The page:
Tuesday, April 30, 2013

Upsetting My Inner Julia Child

        In 2012 I submitted a poem called "Julia Child Skis in Big Sky, Montana" to the Philip Booth Poetry Prize contest sponsored by Salt Hill Journal and was named a finalist by the poet/judge Bruce Smith. Alas, only the winning poem was published in the journal. After this disappointment, I submitted the poem to LUMINA, the literary journal published by Sarah Lawrence College, where it was at first rejected and then accepted two days later for publication in the current issue. I was thrilled. I'd found a home for Julia.
        Last night after traveling home from a family wedding in Austin, Texas, there they were with the rest of my mail -- copies of the "prestigious" journal. I ripped open the manila envelope, marveled at the fabulous cover artwork and turned to the Table of Contents.When I found and read my poem, I was in shock. I had incorporated two italicized Julia Child quotes into my one stanza poem. The italics were gone. I had inserted a colon at the end of each line leading into a quote, but at the end of the line leading to the first quote, instead of the colon was a box with an x in it. OMG!! There's an X Box in my poem. If the colon had been replaced by a carat, at least I could have made a homonym food joke in honor of Julia.
        To add insult to injury, my one stanza poem became a two stanza poem. I started to cry and threw the journal across the room into the wall. Once I calmed down, I went back to the journal to read some stories and poems. Unfortunately, I made the decision to look at the Contributors' Notes first. My name and short biography were nowhere to be seen. I didn't throw the book this time, but I did scream profane words. That's because I don't have a blow torch. See below.

 Julia Child Skis in Big Sky, Montana

She glides off Dakota Lift, brushes the crust
from her boots with a pole, skims
across a granita patch and carves her edges in granulated
snow. Surrounded by whipped drifts, she wipes
her defrosted goggles at the top of the black diamond run,
considers the danger, but then she remembers:
If you’re afraid of butter, use cream. She knees
into the crystal layers like a stand mixer’s hook,
a single long series of S’s, stems the trail’s steepness,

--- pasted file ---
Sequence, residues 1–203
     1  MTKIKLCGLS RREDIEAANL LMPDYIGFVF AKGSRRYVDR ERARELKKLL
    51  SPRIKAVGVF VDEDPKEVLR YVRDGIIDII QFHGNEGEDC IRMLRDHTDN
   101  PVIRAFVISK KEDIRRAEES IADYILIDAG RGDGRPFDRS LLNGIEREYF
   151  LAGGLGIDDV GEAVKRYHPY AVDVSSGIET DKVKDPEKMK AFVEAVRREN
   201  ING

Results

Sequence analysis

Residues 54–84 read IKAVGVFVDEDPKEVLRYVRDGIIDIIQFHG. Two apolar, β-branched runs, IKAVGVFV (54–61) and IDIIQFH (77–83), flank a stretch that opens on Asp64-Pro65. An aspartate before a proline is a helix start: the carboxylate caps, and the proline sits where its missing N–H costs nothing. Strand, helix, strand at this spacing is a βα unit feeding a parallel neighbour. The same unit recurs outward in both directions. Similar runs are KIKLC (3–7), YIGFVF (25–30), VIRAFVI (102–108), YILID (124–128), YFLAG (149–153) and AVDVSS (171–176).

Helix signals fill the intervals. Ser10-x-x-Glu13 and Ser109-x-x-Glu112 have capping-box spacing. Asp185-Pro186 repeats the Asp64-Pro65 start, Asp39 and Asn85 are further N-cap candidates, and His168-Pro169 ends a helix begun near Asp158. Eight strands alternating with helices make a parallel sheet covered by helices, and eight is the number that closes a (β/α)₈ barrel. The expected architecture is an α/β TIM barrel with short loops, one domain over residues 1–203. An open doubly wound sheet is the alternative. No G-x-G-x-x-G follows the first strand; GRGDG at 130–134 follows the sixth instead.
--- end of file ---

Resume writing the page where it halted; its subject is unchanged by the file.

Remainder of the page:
but pauses to rest on a mountain plateau. Her fingers
numb, she rubs them for warmth:
Every woman needs a blowtorch.
Shifting gears, she whisks through deep powder,
slaloms the bowl off the rim of the slope.


Friday, August 19, 2011

My First Post

I've been working hard this year on my poetry. I completed two writing boot camps (one in January and another in May) led by Sargent Sarah Freligh and in June Sarah and I attended the 17th Annual Poetry Conference, Exploring Form Narrative, at West Chester University of Pennsylvania.. We took a sonnet class with Kim Addonizio, which was informative and fun. Kim asked us to write a sonnet, and at Kim's suggestion I wrote one (a lie, of course) about how I fractured/lacerated my left baby finger.


I was Venus of the half shell deep in debt,
yet slurping oysters bathed in mignonette.
You'd never catch me eating with a fork.
I learned to tip their sipping lips in Cork.
But Galway's where I found myself som work -
apprentice to the shucker at Ray's Oysters.
With brush and blade but no glove at the raw bar
I unhinged bivalves bought from trusted vendors.
"Be careful," Ray told me , but I ignored his words.
When I slid the knife's tip in the shell, it slipped
and slashed my hand. In blood-soaked ice I collapsed,
unhinged. I'm Venous now. The cooks place bets.
By season's end, how many stitches will I get?

What really happened was I tripped up a sidewalk curb at the corner of Harvard and Dartmouth Streets and landed on my left hand and side. It hurt. A lot. I received 17 sutures and weeks of hand therapy.

If you'd like to read some of my other poems, see "Climate Change" in the recent issue of Lake Affect and "Salvador Dali Goes Fishing in Kansas" in the on-line magazine Mixed Fruit.

Talk to you soon.